Jeffery ByrneEarlier this week, I had the pleasure and privilege of spending time with Dr. Debra Mesch. While I was certainly impressed by her knowledge and awareness of key matters affecting philanthropy today, I was equally moved by why she researches, writes and teaches about gender matters in charitable behavior:  her commitment to improving and increasing philanthropy.

For more than 40 years, charitable giving has remained steady at about 2% of GDP. Few of us would argue that an increase in philanthropy would help in addressing the challenges our world faces today. So what can we do, as leaders in our field, to make this happen?

We can, and should, do many things to this end.  But I feel one of the most important variables in improving philanthropy is education.  We must educate ourselves and then others about research, trends, best practices and issues in charitable giving.

As Dr. Mesch discussed Tuesday, research and empirical evidence reveal gender is clearly a factor that affects philanthropic behavior—and should not be overlooked.

The data from a myriad of studies feels pretty clear-cut:

  • women today have more than $1.5 trillion in assets and are expected to inherit that or more in the intergenerational transfer of wealth
  • women are the primary breadwinners in 40% of households
  • 4% of households jointly make decisions about charitable giving; 16.2% decide separately; females decide in 6.5% of households; men decide in only 3.9% of households
  • Single female-headed households are more likely to give than single men, give higher amounts than men, spread giving across many organizations and are more likely to give across multiple sub-sectors (such as education, social services, health)

Then there are the more complex and seemingly abstract variables to assess:

  • Pinpointing motivations like empathy or altruism versus tax benefits and recognition
  • Results of giving like personal satisfaction and fulfillment
  • How political and philosophical beliefs shape giving
  • The impact organizational involvement like being on a Board or volunteering has on giving
  • Giving spontaneously/reactively versus giving strategically

Substantial data is gathered and tracked on the sources and recipients of giving, but there is still limited data on women as a subset.  Dr. Mesch and The Lilly School of Philanthropy have received a generous second round of funding ($2.1 million) from The Bill and Melinda Gates Foundation to delve further into this subject. We hope additional research will answer questions, such as what factors influence women and men to give more, give more intentionally and give more effectively.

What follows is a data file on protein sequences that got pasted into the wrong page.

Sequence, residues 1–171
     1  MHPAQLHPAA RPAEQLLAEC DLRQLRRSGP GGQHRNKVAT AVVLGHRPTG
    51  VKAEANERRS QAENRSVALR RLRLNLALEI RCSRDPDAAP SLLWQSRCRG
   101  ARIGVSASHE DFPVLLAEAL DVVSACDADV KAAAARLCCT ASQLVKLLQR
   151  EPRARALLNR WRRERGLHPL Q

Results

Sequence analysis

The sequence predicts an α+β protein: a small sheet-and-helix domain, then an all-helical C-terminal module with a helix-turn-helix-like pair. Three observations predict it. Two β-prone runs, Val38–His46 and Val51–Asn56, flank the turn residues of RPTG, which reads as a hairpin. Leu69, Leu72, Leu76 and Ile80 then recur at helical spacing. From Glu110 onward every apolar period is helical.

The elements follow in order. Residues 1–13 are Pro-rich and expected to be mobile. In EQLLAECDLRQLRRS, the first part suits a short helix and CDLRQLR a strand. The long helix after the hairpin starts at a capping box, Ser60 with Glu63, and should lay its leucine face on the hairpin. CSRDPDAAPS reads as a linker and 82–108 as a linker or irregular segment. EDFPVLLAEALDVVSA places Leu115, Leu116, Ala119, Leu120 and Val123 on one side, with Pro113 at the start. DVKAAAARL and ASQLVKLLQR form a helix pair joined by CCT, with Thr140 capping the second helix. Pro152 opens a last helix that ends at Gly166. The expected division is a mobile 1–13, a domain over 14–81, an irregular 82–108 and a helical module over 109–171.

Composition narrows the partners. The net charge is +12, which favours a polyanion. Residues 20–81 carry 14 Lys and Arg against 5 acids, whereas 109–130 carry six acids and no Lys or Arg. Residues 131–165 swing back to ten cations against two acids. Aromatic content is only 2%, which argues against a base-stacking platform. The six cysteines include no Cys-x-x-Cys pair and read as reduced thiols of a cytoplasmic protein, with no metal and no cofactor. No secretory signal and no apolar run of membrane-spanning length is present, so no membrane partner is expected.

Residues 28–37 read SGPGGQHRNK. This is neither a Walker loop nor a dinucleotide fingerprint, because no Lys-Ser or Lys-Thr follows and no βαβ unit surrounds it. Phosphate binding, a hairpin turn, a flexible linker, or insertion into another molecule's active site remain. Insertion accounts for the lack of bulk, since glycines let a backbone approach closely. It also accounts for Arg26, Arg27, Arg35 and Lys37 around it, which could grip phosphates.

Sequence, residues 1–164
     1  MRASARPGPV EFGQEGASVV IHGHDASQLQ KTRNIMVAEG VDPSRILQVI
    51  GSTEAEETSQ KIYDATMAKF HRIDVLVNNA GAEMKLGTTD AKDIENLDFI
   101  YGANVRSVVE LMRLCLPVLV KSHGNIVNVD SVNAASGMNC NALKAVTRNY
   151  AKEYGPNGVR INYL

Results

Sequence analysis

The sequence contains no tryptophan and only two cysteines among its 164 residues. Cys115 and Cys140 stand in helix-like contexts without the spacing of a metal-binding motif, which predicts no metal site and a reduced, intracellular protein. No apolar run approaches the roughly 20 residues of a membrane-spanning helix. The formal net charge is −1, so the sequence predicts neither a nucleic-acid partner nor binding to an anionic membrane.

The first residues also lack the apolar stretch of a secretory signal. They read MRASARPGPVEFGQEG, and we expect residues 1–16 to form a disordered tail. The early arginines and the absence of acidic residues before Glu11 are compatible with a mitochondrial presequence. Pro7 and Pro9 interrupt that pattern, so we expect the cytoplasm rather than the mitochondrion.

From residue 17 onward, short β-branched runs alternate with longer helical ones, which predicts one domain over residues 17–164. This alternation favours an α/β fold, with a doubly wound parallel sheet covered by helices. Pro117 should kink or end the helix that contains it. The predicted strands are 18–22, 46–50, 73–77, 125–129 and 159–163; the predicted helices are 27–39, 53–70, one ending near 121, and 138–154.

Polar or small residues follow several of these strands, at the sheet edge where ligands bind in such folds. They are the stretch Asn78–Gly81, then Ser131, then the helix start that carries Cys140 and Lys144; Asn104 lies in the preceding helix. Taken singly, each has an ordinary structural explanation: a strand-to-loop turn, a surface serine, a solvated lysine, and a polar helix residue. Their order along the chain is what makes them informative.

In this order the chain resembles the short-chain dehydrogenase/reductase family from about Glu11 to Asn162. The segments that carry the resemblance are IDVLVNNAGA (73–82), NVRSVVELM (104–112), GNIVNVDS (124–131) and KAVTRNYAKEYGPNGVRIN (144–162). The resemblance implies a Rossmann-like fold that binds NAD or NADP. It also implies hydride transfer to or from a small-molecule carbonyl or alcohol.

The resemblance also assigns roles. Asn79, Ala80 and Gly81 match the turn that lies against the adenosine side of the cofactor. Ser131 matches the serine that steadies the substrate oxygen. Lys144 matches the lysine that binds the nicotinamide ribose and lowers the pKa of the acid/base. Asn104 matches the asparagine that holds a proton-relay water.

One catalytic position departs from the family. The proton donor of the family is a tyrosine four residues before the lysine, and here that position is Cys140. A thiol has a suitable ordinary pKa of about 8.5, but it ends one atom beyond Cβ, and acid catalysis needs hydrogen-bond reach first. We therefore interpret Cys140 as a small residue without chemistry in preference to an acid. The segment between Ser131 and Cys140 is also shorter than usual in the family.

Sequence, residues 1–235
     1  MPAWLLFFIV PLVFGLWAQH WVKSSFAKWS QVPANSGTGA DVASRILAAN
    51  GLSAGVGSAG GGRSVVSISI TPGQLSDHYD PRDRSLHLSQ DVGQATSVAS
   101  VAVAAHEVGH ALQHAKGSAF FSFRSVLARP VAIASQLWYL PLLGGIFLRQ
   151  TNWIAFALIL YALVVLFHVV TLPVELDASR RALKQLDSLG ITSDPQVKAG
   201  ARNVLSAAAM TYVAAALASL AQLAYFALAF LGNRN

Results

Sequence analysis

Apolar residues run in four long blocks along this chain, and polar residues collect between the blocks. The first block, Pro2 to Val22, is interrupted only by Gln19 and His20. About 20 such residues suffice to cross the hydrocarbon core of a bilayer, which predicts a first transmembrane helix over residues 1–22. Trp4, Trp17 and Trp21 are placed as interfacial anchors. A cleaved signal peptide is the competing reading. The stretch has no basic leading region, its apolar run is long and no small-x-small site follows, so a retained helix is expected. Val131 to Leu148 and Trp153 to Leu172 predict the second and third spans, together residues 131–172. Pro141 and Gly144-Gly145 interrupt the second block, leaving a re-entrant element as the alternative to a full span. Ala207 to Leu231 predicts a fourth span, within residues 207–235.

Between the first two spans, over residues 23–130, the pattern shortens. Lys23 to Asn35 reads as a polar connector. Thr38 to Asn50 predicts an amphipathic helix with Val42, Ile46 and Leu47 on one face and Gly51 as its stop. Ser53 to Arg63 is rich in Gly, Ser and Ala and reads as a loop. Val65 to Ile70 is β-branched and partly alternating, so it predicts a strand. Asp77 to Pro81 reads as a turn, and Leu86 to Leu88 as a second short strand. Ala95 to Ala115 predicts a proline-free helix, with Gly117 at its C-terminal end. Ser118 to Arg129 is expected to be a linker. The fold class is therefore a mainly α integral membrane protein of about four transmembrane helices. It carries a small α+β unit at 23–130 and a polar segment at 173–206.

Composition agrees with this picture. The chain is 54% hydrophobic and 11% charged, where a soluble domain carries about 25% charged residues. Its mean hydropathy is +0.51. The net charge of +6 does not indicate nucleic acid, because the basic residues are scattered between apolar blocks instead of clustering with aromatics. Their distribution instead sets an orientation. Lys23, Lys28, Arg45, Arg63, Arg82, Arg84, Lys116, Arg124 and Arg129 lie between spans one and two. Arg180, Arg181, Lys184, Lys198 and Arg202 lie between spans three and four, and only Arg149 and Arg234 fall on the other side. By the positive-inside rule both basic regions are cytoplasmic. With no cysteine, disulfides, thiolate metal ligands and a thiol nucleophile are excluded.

In the meantime, development staff can modify their strategies (at little or no cost) to account for gender differences:

  • Don’t make assumptions; make efforts to listen and learn about your prospects and donors
  • Get rid of any preconceptions or biases you might have about prospects and donors
  • Learn preferences on how couples want to be addressed and recognized; tailor appeals and communications pieces accordingly
  • Extend invitations for tours and personal visits, and be sure to include female donors/prospects
  • Include women in Board and other volunteer opportunities
  • Include personal stories and testimonials in your appeals to help create empathy
  • Provide information about the impact gifts have on those you serve

When we better understand donor motivation and the factors that influence giving, we are more effective determining which donors to solicit, how best to approach them for their support and in building lasting donor relationships.  Ultimately, this will increase and improve philanthropy.

In her remarks, Dr. Mesch mentioned the March 2017 Women’s Philanthropy Institute symposium – DREAM. DARE. DO. Women, Philanthropy and Civil Society.  For more information about this event as it becomes available, add your name to the symposium’s mailing list here.

Be sure to mark your calendars for two more 501 (c) Success National Speaker Series programs later this year:

June 21 — Giving USA 2016 with Dr. Patrick Rooney, Associate Dean for Academic Affairs and Research at the Lilly Family School of Philanthropy at Indiana University
For full details and to register, click here.

September 15 — Asha Curran, Director of the Center for Innovation & Social Impact with the 92nd Street Y in New York, leveraging the power of new and social media, partnerships and collaboration such as #GivingTuesday

 

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